To avoid having user actions defined on areas already defined by the system for navigation, which would make them unusable, you can use a set of insets to locate these areas and control them according to your application’s specifications. Below are some of the available insets:

  • System window insets
  • Tappable element insets
  • Gesture insets
  • Stable insets

In this tutorial, you’ll use the system window insets. To learn more about window insets check out this Gesture Navigation Tutorial for Android.

Note: Android introduced WindowInsets in API 20. If you’re targeting a lower version you should use the AndroidX backported class WindowInsetsCompat. This is the class you’ll use throughout the tutorial.

Next, you’ll get familiar with the keyboard.

Getting to Know the Keyboard

Until now, there was no direct API you could use to access the keyboard and retrieve information about its state. Gathering this information was a job for complex calculus and inference, if not guessing.

Gone are the days when you had to manually implement everything to get any information about the keyboard’s current state. With the launch of Android 11, developers have new set of functionalities that let you animate the keyboard’s appearance or disappearance and how users interact with it.

Even better, Android backported most of these features to previous Android versions. After reading this tutorial, you can go back to your projects and remove hundreds of lines of keyboard-specifc code. :]

What’s Available on Older APIs

The following functionalities are available on all the Android versions supported by the AndroidX’s appcompat libraries.

Launching the Keyboard

You can launch the keyboard using two different APIs:

Or the correspondent hide method, if you want to close it:

On both calls, you use WindowInsetsController with the corresponding WindowInsetsCompat you want to access. In this case, the keyboard, or IME, so you can open or close it.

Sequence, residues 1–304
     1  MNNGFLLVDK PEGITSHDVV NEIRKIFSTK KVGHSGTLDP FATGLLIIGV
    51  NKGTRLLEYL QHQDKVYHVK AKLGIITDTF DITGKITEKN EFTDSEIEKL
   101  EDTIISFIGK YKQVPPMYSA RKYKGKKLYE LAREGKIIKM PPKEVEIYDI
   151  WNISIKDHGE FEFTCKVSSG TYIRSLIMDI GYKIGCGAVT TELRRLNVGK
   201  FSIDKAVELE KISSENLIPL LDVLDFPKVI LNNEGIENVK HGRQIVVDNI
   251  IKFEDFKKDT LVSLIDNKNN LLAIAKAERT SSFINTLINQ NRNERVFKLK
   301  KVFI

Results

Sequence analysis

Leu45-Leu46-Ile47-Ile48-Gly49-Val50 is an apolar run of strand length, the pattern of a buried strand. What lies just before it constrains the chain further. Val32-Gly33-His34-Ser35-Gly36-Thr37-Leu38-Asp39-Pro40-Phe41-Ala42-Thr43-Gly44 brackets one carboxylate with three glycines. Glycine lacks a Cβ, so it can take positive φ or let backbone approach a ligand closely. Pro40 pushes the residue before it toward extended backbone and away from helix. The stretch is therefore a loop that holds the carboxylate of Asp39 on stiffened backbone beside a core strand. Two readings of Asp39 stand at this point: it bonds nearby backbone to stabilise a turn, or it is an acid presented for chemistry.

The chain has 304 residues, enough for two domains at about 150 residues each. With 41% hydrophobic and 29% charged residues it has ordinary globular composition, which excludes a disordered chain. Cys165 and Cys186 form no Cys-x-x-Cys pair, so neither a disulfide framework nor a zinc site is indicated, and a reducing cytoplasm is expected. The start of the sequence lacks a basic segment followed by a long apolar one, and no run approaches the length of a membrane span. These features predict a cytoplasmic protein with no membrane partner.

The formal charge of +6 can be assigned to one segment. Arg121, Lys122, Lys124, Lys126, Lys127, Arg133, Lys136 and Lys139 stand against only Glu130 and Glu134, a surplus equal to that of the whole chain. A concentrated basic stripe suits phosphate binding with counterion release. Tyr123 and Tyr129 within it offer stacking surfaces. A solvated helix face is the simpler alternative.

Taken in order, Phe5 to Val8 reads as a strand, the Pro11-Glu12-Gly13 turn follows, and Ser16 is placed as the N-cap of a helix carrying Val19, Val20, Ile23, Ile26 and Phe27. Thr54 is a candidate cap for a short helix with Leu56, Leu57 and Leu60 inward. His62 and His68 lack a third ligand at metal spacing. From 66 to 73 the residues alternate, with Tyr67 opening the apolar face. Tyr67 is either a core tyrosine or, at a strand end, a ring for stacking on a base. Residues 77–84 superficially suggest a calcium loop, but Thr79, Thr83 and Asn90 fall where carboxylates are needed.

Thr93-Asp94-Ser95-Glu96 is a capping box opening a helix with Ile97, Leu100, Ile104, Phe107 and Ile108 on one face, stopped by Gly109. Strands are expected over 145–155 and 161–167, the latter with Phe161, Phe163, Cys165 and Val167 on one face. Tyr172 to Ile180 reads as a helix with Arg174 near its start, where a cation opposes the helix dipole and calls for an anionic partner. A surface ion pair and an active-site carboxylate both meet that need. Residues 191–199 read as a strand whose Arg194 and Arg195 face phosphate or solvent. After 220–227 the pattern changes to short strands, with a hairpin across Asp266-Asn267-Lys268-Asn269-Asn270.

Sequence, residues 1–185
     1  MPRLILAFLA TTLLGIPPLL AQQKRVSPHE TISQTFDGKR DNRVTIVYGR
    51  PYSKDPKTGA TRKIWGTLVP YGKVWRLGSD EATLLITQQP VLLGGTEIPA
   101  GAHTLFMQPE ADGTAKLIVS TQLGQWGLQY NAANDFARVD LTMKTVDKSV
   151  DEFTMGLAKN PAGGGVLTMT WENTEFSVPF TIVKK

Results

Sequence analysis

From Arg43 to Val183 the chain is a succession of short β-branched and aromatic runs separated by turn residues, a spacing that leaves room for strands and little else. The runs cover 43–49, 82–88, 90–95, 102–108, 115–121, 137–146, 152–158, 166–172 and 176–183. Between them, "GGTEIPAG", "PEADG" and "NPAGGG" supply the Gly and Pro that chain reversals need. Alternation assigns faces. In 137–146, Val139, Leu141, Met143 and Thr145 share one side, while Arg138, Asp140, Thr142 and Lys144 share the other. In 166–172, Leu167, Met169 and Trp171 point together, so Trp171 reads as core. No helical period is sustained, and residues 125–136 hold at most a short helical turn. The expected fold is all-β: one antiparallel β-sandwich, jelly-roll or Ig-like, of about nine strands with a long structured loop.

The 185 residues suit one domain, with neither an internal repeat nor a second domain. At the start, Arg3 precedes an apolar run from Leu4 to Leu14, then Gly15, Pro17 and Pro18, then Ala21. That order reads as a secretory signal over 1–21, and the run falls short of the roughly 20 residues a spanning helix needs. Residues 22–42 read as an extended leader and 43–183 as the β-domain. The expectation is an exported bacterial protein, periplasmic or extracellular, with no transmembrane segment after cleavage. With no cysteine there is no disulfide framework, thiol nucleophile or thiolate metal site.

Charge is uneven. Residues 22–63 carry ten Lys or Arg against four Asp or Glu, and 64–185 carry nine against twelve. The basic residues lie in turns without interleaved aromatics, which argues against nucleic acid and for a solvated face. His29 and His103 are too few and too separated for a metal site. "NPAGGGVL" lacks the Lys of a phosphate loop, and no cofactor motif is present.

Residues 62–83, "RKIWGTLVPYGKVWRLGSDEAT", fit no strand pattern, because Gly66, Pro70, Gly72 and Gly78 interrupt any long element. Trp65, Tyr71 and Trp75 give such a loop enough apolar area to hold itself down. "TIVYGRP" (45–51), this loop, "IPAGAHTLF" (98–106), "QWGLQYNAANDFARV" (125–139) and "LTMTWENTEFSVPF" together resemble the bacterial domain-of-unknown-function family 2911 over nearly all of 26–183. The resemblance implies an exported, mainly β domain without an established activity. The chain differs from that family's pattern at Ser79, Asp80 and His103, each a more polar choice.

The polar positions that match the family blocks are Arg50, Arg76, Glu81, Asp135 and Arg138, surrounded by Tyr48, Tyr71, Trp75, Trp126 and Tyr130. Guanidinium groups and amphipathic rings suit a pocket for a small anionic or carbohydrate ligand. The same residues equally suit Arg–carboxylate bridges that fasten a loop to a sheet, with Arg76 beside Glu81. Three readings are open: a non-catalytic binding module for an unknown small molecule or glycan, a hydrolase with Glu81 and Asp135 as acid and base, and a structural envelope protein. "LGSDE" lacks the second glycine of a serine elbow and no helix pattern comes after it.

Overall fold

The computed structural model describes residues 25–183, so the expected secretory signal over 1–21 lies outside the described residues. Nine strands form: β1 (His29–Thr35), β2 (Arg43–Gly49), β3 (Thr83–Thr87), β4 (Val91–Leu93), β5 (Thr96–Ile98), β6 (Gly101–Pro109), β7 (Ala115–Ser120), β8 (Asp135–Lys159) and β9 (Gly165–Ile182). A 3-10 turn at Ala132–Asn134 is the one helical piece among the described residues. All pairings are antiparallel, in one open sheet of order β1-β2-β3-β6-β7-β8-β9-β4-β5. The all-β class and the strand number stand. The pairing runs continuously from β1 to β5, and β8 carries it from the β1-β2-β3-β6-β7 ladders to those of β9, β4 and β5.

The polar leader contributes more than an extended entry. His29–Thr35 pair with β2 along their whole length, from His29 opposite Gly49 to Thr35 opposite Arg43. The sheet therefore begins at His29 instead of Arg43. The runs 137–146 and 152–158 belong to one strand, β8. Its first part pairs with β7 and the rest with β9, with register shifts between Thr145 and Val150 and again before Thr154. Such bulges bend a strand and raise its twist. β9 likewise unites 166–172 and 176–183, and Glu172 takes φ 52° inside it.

• requestFocus: Launch the keyboard by calling this method on EditText or other components that lets users enter text.
  • windowInsetsController: With this API you manually force the keyboard to show:

    Or the correspondent hide method, if you want to close it:


    On both calls, you use WindowInsetsController with the corresponding WindowInsetsCompat you want to access. In this case, the keyboard, or IME, so you can open or close it.
Note:You can sufficiently use these APIs to control your keyboard in place of the InputMethodManager API.

Checking if the Keyboard is Visible

To see if the keyboard is open, you can call:


WindowInsetsCompat.Type.ime() defines the type of insets you need to access to see if the keyboard is open.

Getting the Keyboard Height

You guessed it! Once again you can rely on WindowInsetsCompat to get the keyboard height. Simply call:


This bottom value is directly related to keyboard visibility. If the keyboard is visible, it returns its height. If not, the value is 0.

Now that you’ve reviewed what the old APIs can do, it’s time to see what’s new in Android 11.

What’s New in Android 11

Along with these new methods, Android 11 also introduced a set of functionalities focused on keyboard animations and how your views interact with them.

Before diving in, add some notes to the list. Notice how unsynchronized opening the keyboard is:

Opening and closing the keyboard without animations